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There are many ways to swap two variables without using a temp variable, as long as the type of the variables is a mathematical group[0].

If the group operation is denoted <>, with identity e, and the inverse of 'a' is 'inv(a)' then you would do

    a = a0;
    b = b0;            // initial assignment

    a = a <> b;        // a = a0 <> b0 and b = b0.
    b = a <> inv(b);   // a = a0 <> b0 and b = a0 <> b0 <> inv(b0) = a0.
    a = inv(b) <> a;   // a = inv(a0) <> a0 <> b0 = b0 and b = a0.
This works when a and b are ints, which are a group with the operator '+' and identity '0', and inverses inv(n) = -n (see [1])

It works when a and b are nonzero floats, which are a group under multiplication with identity 1.0 and inverses inv(x) = 1/x (but see [2]).

It works when a and b have fixed-length binary representations, because fixed-length binary strings are a group where the operation is xor (or '^') and inv(x) = x.

It works when a and b are matrices of the same dimension, which form a group in two different ways - under matrix addition, where the inverse is elementwise negation, and under matrix multiplication (if a and b are nonsingular) where the inverse is the regular matrix inverse [3].

Note that in my third line, the right-hand side of the assignment is inv(b) <> a, whereas all the examples in the blog post used a <> inv(b). They were implicitly assuming a commutative group (i.e. a <> b == b <> a for all a and b) whereas my procedure works even for non-commutative groups, e.g. matrices under matrix multiplication.

Edit: Obviously, if you actually use this in real code... WAT.

[0] http://en.wikipedia.org/wiki/Group_(mathematics)

[1] this even works if one of the operations causes an integer overflow - the magic of modular arithmetic!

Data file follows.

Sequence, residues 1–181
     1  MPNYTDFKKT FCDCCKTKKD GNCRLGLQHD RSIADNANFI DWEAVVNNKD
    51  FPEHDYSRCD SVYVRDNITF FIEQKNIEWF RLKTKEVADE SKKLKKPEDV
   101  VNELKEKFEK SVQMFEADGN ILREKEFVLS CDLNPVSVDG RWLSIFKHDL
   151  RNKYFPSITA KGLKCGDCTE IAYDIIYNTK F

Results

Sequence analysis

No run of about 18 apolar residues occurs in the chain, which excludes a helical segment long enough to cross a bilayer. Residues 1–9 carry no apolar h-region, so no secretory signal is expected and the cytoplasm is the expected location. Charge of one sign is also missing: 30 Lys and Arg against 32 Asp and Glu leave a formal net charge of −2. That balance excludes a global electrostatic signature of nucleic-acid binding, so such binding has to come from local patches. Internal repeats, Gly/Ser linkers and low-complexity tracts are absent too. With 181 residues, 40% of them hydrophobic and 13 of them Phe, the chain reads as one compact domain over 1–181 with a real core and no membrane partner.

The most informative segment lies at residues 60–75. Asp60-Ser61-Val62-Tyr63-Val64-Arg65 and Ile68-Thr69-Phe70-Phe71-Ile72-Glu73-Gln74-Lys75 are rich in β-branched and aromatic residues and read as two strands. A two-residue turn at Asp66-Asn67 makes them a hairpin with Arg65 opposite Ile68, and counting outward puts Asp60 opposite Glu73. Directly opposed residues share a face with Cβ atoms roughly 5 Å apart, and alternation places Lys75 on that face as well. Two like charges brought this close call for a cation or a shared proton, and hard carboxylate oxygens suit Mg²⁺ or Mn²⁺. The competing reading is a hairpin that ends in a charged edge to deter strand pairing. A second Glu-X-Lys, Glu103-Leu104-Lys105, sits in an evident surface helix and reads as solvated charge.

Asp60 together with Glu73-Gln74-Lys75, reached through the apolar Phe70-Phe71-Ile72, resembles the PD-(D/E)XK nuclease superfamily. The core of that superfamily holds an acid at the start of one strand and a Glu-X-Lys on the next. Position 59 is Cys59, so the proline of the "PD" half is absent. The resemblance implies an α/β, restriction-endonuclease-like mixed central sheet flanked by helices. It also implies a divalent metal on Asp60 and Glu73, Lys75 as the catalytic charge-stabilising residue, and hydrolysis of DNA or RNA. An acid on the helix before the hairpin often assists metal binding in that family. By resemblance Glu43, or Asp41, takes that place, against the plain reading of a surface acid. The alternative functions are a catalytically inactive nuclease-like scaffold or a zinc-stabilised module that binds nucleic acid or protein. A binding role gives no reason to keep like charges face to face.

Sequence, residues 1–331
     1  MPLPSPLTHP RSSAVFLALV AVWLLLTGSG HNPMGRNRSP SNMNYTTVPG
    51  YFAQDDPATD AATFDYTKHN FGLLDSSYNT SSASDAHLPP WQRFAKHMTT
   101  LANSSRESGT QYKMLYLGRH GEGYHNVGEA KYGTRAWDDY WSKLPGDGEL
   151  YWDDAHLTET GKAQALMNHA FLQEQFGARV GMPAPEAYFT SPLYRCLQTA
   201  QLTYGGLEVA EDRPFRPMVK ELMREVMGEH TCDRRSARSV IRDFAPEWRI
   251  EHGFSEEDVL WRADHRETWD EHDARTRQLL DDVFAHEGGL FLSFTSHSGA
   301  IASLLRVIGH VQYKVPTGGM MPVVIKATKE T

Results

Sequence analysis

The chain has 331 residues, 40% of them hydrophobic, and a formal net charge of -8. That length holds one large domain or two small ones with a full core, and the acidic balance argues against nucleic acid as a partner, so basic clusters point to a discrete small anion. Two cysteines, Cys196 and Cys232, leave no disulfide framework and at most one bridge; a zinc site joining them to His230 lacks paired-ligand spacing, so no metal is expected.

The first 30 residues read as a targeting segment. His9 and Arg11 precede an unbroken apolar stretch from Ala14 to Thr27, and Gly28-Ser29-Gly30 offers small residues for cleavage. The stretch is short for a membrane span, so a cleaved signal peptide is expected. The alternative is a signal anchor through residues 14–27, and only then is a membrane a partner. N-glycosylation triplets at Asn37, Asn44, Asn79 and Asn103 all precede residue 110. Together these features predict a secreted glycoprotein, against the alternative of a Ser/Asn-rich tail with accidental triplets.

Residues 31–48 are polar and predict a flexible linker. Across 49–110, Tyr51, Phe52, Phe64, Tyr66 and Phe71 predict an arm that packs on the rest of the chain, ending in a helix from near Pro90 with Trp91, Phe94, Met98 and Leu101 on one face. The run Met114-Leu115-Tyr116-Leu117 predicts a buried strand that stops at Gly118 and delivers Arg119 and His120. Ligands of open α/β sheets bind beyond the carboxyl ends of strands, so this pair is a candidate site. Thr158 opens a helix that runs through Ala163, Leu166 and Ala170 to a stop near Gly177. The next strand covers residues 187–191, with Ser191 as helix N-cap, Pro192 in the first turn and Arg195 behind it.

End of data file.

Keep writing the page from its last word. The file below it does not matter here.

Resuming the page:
[2] floats don't really form a group, because of non-associativity of floating point multiplication.

[3] http://en.wikipedia.org/wiki/Invertible_matrix




> fixed-length binary strings are a group where the operation is xor (or '^') and inv(x) = x

Most people would call this group (Z/2Z)^n, i.e. n copies of Z/2Z under addition. Similarly, for "matrix addition" you could say Z^(mn) or R^(mn) for matrices with dimension mxn with elements Z or R (or whatever you are filling your matrices with). Your only non-abelian example is matrix multiplication, i.e. GL(n,R), general linear transformations of dimension n over R. It may or may not be interesting that this is mainly focused on abelian groups.


>"Edit: Obviously, if you actually use this in real code... WAT."

For those who haven't seen the video : http://www.youtube.com/watch?v=D0EIZa5e9q4&t=0m40s


Actually, isn't having unique inverses a weaker requirement than being a group? Maybe I am wrong...


There are algebraic objects for which inverses are defined, but which aren't groups: namely groupoids, quasigroups and loops.

In groupoids the binary operation isn't total, i.e. there can be pairs (a,b) for which a <> b is not defined -- so we can't use groupoids.

In quasigroups and loops the binary operation doesn't need to be associative. But we require associativity, so that we can deduce

    (a <> b) <> inv b == a <> (b <> inv b) == a <> e == a
So we do actually need all the properties of a group.


A commenter on Reddit pointed out that quasigroups require both left and right division operators \ and /, and that even though they are not associative, the axioms

    x \ (x * y) = y
    x * (x \ y) = y
    (x * y) / y = x
    (x / y) * y = x
must hold -- so in fact, quasigroups are good enough!




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